Posts

October 19, 2014

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8:01 PM | Nisse Greenberg: What's In A Name
While teaching a math class, Nisse Greenberg is troubled by his student's name, and his own. Nisse Greenberg is an educator and storyteller who eats mostly vegetarian. Sometimes he eats wings because wings are really good. When he applied for a visa to go to India he tried to type "atheist" into the proposed slot for religion, but he accidentally typed "matheist." He found it more appropriate anyway. He teaches high-school math to high-schoolers and math philosophy to adults. He creates art […]
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6:18 PM | Cosmic Queries: Primate Evolution
Paleoanthropologist Dr. Ian Tattersall is back to help Neil deGrasse Tyson and Eugene Mirman answer fan questions about where primates came from, and where we’re going. Read more and listen to the full show at: http://www.startalkradio.net/show/cosmic-queries-primate-evolution
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4:39 AM | SoT 164: Cosmetically Satisfying Penis
The Nobel Prize in Physiology or Medicine 2014 was awarded with one half to John O'Keefe and the other half jointly to May-Britt Moser and Edvard I. Moser "for their discoveries of cells that constitute a positioning system in the brain".The Nobel Prize in Physics 2014 was awarded jointly to Isamu Akasaki, Hiroshi Amano and Shuji Nakamura "for the invention of efficient blue light-emitting diodes which has enabled bright and energy-saving white light sources".The Nobel Prize in […]

October 18, 2014

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4:00 PM | Quirks & Quarks for Oct. 18, 2014
This week, we find out how birth control residue is harming fish; how plants use teeth and claws for defence; how to make a material bloody slippery; we home in on autism's complex causes; we look into crowd-sourcing science...
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4:00 PM | The Birth Control Pill is Harming Fish
Residue from birth control pills in sewage can cause populations of a minnow species to crash, affecting the species that prey on them....
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4:00 PM | Thornless Plants Defended by Teeth and Claws
African savannah plants forego thorns where the presence of predators discourages browsing....
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4:00 PM | Material is Bloody Slippery
A new slippery material for medical devices prevents blood from sticking and causing problematic clots....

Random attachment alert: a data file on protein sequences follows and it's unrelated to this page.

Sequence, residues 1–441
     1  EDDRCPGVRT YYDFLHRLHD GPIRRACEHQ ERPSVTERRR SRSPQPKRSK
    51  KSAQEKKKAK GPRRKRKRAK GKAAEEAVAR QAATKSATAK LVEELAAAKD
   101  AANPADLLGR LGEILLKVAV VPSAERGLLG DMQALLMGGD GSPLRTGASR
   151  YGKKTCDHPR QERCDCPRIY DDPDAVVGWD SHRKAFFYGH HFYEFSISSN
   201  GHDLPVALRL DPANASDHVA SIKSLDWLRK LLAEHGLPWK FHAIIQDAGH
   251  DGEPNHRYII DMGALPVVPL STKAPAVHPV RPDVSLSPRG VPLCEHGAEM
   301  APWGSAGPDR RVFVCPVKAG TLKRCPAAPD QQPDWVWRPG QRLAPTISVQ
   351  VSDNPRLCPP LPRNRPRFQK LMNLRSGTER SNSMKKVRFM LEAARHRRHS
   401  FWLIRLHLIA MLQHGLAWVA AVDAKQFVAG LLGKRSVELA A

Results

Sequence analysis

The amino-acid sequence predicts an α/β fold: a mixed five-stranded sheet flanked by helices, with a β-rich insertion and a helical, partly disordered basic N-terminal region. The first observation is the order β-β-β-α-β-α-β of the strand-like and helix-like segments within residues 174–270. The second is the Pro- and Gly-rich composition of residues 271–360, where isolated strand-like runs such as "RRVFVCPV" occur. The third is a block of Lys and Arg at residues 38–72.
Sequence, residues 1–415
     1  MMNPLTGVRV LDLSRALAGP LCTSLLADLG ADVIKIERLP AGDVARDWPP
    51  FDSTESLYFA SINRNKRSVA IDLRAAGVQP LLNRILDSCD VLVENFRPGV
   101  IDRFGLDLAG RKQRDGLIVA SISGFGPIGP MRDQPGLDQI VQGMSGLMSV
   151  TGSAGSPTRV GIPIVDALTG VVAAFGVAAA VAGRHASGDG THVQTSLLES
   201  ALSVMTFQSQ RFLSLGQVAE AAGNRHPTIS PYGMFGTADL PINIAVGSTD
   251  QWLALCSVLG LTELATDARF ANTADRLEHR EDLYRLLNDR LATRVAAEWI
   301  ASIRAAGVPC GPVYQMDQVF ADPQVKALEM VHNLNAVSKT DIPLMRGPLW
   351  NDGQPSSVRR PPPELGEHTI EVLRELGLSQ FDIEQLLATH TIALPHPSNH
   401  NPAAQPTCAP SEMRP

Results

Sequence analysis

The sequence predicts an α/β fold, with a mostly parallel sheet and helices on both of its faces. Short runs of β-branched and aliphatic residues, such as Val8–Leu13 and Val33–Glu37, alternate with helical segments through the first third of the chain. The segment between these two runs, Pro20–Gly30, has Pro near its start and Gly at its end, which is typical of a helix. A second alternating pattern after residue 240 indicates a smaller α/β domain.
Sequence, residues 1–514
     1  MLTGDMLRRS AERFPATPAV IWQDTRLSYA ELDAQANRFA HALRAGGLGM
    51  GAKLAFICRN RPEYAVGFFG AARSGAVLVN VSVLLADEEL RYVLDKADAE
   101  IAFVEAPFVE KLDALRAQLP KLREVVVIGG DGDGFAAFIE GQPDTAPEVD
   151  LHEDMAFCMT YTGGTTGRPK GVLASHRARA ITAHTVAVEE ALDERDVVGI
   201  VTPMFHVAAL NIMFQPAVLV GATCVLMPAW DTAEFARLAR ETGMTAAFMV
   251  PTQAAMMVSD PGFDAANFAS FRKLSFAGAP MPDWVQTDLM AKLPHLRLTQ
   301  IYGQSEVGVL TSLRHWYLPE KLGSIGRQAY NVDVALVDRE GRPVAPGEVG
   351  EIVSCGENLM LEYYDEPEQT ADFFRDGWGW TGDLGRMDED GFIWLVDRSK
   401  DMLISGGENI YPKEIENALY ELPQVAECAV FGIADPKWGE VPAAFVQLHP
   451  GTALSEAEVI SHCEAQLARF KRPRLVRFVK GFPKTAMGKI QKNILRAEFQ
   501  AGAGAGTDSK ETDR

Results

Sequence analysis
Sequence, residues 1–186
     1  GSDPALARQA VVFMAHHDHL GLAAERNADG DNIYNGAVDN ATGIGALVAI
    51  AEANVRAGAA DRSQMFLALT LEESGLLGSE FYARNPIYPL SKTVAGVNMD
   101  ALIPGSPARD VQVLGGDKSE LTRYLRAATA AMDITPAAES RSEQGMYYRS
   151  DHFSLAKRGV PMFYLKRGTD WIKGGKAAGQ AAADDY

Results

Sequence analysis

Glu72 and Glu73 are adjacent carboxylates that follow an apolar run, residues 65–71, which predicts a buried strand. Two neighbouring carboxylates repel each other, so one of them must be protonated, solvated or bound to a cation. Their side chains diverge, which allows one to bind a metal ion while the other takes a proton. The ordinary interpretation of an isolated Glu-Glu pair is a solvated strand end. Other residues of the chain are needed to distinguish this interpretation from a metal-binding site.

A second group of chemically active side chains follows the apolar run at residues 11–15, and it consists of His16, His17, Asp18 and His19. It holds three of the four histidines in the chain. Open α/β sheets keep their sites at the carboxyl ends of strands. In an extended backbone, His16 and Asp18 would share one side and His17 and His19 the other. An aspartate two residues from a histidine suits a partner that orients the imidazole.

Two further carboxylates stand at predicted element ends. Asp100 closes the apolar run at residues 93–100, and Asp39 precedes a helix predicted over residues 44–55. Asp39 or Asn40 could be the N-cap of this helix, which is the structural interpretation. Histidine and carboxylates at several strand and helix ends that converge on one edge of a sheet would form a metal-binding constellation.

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4:00 PM | Genetics Homes in on Autism
Autism is a complex disorder with multiple causes, but clever genetic "triangulation" is leading to insights into its biology. ...
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4:00 PM | Crowd-sourcing Science on the High Seas
Oceanographers are interested in recruiting blue-water sailors to sample rarely traveled parts of the world's oceans....
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4:00 PM | Question Period - Counting Stars
In our occasional feature, a listener asks how many stars can be seen in the sky?...

October 17, 2014

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7:11 PM | Ebola spreads slower, kills more than other diseases If you...
Ebola spreads slower, kills more than other diseases If you haven’t heard, people are worried about ebola. Some of them should be: care workers who have come into contact with people infected with ebola, for example. Most people shouldn’t be. There have been a lot of great graphics and explainers about ebola over the past few weeks, but this one might be my favorite so far. This little animation from the Washington Post shows just how fast ebola spreads, and how many […]

October 16, 2014

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12:00 AM | Molting effects oxygen consumption in a common mayfly
Molting mayflies hold their breath, have their lungs ripped out and then gasp for breath.

October 15, 2014

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9:12 PM | TWiM #89: Microbial handoffs
Vincent, Michele, and Michael discuss how a gene from bacteria protects a tick from plant cyanide poisoning, and enhanced transmission of Streptococcus pneumoniae by influenza virus co-infection in mice.
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8:53 PM | Let's Get Small: A Panel on Nanoscience
Scientific American senior editor Josh Fischman joins nanoscience researchers Shana Kelly, Yamuna Krishnan, Benjamin Bratton and moderator Bridget Kendall from the BBC World Service program The... -- Read more on ScientificAmerican.com
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7:35 PM | Could The Pill be Killing our Fish?
Every day in Canada, estrogen, from millions of birth control pills, is flushed down the toilet and into our rivers and lakes. And according to a new Canadian study, it could be killing our fresh water fish. Researchers put estrogen into an experimental lake, and it led to the near-extinction of the fathead minnows.

October 14, 2014

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10:10 PM | StarTalk SoundBite: Where Do Heavy Elements Come From?